Trading Royals Ace Zack Greinke Would be a Mistake in More Ways Than One

Paul FischerContributor IDecember 10, 2010

Kansas City Royals Cy Young Pitcher Zack Greinke
Kansas City Royals Cy Young Pitcher Zack GreinkeJeff Gross/Getty Images

The Royals are on the verge of making the biggest mistake in franchise history. And that is saying something! 

Trading David Cone for principally Ed Hearn was bad. Carlos Beltran for Mark Teahan, John Buck and Mike Wood was suspect at best. Johnny Damon for a bucket of chicken was downright embarrassing.

Just because Zack Greinke wants to win is no reason to trade him and his market-friendly contract. I'm tired of present-day athletes demanding they be traded and getting their way like a spoiled child throwing a temper tantrum.

I want the Royals to win every bit much as Greinke, IF NOT MORE. I grew up with this once proud franchise and remember the Glory Days, but the fact remains we haven't won anything since 1985. 

Whole generations of kids have grown up thinking the Royals are "that place you get cool treats and see Sluggrrr" instead of actually seeing great baseball.  
The Royals need to understand that Greinke is the franchise.

Trading him will result in further erosion of the fan base which will lead to less people attending games, and ultimately less revenue. The Royals can't afford to lose him.  Greinke is the only Royal in the past two decades that has moved people to actually walk up and buy a ticket.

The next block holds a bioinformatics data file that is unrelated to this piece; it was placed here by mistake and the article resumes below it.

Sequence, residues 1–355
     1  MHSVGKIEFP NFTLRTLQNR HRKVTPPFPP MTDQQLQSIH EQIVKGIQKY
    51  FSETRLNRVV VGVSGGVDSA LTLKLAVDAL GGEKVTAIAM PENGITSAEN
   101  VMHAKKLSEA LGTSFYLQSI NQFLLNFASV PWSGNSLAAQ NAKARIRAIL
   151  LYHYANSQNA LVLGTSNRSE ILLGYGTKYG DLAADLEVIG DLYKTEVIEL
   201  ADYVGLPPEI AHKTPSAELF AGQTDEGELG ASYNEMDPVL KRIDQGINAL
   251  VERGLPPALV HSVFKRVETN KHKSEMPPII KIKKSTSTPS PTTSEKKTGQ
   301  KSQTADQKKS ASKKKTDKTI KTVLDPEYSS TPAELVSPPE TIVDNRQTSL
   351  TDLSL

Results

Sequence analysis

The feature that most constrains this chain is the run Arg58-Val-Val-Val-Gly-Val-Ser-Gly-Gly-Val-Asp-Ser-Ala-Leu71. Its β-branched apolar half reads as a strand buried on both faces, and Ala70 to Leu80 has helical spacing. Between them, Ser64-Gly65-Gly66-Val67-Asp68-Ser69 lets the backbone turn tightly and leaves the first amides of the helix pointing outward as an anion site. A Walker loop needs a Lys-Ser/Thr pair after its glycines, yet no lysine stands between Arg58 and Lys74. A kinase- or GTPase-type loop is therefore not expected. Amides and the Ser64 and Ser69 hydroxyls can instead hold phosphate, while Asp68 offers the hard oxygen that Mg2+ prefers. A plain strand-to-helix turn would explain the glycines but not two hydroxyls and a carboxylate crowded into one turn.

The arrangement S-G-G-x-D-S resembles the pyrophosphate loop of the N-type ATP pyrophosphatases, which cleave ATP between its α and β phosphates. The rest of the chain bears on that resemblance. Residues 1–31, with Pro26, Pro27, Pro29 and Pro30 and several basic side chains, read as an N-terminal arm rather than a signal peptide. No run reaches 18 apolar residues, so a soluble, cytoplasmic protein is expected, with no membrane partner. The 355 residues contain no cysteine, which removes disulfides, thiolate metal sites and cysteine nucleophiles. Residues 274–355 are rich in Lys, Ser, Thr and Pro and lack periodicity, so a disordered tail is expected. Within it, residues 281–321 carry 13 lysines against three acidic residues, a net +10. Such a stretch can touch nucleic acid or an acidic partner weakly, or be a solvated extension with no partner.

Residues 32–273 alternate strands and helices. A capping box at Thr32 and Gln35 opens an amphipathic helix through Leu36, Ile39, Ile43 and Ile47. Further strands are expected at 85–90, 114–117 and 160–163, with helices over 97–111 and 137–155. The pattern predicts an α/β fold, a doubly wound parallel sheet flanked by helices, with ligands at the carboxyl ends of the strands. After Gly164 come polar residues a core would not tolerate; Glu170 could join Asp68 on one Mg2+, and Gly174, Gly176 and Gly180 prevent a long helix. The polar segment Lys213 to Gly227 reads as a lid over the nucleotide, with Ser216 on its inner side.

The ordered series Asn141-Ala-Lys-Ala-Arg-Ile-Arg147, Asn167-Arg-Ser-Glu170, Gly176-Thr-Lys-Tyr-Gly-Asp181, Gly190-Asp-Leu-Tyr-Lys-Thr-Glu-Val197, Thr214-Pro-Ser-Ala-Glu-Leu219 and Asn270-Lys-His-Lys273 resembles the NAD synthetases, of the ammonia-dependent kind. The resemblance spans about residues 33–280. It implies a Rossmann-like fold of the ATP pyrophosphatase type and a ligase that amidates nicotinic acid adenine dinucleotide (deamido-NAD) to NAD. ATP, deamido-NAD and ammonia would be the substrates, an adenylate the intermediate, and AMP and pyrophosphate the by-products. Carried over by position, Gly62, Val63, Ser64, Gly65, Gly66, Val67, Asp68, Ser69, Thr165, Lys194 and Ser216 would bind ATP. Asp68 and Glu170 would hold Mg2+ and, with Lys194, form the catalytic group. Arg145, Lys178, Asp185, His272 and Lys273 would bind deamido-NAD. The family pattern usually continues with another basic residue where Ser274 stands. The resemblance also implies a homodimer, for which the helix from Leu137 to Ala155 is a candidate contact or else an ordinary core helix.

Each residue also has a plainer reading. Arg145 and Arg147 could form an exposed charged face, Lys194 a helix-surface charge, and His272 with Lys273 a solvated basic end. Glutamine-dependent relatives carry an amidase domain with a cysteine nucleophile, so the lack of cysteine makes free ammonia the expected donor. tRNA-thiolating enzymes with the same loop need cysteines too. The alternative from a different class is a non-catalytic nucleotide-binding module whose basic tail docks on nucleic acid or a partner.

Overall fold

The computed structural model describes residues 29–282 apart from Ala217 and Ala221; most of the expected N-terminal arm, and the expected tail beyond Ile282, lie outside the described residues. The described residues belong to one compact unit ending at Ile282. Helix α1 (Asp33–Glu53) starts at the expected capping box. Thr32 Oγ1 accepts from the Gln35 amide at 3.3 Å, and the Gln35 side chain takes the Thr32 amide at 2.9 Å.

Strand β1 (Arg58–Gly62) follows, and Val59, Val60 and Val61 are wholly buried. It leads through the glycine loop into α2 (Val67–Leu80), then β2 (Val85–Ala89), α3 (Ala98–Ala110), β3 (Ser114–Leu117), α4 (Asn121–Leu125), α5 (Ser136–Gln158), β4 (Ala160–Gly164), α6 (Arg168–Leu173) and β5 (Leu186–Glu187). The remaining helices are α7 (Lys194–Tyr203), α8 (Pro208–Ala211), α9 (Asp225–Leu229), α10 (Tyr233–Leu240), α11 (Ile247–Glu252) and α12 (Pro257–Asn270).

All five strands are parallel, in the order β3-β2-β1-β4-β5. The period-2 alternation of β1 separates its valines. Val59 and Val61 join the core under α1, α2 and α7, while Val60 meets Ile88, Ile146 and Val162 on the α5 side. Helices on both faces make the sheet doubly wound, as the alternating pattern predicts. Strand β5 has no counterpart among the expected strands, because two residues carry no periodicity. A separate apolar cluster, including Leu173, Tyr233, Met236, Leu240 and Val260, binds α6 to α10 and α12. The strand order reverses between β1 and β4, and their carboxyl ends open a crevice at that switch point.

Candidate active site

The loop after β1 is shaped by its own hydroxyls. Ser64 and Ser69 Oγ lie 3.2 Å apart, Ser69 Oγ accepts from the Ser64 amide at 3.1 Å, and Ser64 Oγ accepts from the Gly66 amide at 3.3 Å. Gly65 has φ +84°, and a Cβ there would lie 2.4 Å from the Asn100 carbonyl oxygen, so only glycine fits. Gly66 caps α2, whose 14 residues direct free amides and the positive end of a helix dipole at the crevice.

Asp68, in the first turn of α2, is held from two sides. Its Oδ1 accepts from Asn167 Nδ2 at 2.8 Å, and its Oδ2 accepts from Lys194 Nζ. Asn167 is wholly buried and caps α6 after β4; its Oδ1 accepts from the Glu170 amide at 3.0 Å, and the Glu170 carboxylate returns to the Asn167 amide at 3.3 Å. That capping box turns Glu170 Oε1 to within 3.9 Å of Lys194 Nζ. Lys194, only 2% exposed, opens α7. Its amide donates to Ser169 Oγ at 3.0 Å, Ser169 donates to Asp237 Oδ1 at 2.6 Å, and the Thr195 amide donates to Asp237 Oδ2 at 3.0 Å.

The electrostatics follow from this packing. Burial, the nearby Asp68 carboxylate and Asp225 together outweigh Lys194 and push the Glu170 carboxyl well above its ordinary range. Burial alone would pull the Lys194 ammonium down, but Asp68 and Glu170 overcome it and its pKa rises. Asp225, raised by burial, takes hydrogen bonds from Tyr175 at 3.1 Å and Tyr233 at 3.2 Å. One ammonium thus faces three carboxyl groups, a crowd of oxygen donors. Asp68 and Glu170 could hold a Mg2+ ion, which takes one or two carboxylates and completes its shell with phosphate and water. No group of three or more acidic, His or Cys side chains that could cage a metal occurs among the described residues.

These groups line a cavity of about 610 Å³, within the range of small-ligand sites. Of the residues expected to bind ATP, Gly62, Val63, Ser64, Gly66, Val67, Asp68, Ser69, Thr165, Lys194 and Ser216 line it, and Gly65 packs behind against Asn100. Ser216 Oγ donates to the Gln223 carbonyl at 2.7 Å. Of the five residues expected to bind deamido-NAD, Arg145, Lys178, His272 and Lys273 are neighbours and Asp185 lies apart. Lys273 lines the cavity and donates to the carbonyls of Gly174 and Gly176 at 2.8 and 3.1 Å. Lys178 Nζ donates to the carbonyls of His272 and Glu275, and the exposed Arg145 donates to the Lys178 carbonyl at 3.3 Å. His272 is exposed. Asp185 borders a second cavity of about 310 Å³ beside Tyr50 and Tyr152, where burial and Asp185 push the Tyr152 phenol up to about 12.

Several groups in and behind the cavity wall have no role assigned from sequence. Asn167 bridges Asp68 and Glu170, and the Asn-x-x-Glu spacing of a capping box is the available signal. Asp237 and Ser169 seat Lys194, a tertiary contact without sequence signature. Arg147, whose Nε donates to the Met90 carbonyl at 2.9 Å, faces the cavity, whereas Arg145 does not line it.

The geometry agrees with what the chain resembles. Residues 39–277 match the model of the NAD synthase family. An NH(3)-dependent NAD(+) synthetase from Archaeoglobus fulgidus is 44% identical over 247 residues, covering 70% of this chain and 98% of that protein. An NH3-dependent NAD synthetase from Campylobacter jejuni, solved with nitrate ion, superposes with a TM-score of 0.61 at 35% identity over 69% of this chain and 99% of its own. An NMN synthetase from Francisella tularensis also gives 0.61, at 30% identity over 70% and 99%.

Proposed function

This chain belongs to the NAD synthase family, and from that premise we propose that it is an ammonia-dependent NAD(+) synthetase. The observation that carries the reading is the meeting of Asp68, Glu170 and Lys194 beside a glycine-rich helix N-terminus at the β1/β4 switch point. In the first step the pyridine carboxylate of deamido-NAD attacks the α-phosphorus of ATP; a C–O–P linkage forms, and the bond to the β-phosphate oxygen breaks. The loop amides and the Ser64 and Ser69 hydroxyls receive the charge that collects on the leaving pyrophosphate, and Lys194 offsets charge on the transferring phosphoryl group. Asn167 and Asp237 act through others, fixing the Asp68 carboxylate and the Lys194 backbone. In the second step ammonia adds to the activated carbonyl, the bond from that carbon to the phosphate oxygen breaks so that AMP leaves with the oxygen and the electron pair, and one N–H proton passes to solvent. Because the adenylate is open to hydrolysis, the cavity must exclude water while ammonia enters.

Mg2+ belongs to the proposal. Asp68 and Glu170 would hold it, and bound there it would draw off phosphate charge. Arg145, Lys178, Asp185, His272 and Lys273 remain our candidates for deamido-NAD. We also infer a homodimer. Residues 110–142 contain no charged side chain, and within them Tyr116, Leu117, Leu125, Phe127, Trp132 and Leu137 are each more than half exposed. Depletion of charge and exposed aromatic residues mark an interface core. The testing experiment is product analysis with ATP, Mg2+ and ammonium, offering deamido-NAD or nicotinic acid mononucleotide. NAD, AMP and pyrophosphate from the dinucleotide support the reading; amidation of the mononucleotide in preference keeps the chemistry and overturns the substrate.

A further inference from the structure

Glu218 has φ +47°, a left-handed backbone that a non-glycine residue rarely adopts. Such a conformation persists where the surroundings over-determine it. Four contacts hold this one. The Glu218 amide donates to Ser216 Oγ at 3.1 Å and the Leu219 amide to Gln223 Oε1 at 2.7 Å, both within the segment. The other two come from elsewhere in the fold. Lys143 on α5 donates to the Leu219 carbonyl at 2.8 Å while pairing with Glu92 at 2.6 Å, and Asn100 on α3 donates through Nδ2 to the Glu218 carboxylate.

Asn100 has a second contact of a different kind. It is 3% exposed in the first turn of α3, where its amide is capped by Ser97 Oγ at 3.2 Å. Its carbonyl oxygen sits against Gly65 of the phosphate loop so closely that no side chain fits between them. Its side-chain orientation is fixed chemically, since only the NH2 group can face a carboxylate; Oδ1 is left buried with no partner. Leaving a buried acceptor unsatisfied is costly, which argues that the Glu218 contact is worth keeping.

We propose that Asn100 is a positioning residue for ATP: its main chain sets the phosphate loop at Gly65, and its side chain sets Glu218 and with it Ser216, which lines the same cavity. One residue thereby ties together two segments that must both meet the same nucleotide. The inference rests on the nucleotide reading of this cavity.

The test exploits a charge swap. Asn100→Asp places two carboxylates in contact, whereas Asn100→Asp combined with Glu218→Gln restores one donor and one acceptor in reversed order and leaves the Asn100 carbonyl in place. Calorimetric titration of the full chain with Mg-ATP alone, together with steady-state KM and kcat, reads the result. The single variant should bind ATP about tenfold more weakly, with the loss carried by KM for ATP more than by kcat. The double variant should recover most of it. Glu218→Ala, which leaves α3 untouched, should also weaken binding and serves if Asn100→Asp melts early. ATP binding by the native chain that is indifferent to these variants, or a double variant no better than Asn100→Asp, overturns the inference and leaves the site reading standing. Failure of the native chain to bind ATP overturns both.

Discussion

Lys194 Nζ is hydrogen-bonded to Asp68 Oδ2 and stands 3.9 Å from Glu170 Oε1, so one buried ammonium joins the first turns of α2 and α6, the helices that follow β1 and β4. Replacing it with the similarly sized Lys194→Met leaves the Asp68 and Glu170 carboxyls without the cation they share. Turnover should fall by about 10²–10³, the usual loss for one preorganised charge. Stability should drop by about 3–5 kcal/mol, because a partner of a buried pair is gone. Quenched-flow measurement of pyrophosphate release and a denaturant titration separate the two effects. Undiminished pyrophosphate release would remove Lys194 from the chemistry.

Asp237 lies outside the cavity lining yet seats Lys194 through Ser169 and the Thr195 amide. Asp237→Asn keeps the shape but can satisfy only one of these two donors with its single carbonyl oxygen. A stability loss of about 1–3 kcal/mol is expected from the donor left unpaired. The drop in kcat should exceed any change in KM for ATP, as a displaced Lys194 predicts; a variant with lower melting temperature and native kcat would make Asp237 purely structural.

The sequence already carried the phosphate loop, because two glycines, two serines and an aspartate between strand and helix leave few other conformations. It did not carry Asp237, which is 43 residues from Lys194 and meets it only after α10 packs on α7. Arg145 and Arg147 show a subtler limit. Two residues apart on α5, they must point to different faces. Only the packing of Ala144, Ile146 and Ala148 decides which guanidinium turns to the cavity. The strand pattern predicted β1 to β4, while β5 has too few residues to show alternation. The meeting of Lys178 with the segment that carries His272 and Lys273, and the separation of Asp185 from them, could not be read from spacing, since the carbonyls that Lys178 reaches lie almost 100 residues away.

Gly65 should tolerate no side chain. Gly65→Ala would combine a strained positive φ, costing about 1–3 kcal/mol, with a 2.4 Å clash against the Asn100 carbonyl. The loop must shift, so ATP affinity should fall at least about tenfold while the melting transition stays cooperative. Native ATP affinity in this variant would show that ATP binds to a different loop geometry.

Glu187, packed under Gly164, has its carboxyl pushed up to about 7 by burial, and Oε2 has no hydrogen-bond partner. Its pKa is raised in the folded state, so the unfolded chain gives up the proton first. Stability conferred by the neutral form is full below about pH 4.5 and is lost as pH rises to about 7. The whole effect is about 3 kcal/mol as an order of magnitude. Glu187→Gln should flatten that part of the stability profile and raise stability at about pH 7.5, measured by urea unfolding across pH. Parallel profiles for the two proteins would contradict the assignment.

The fans will not understand trading their hero no matter what bounty we get in return.  

Dayton Moore insists we need to compete with pitching, defense and a set of core players. According to scouts and other experts, the Royals have a stacked minor league system full of young talent comprised mostly of pitching.  

The problem is young pitching rarely comes up to the Major Leagues and has immediate success. The exception to this rule is when you have established veterans on the team to help groom them and shorten the learning curve.  

Greinke is one of those core players we need and has learned how to be a professional and successful Big Leaguer. He is also the front line starter to help keep the team on track and avoid extended losing streaks.

Greinke has already given us a "hometown" discount once, and there is no reason why we should expect him not to it again beyond the two years left on his current contract. The steady stream of young talented players coming up and producing will reshape Greinke's thought process of wanting to go elsewhere.  

If this wave of talented players doesn't produce as advertised, it will be more than Greinke leaving the Royals family—it will be the last straw for Moore and my Fanhood.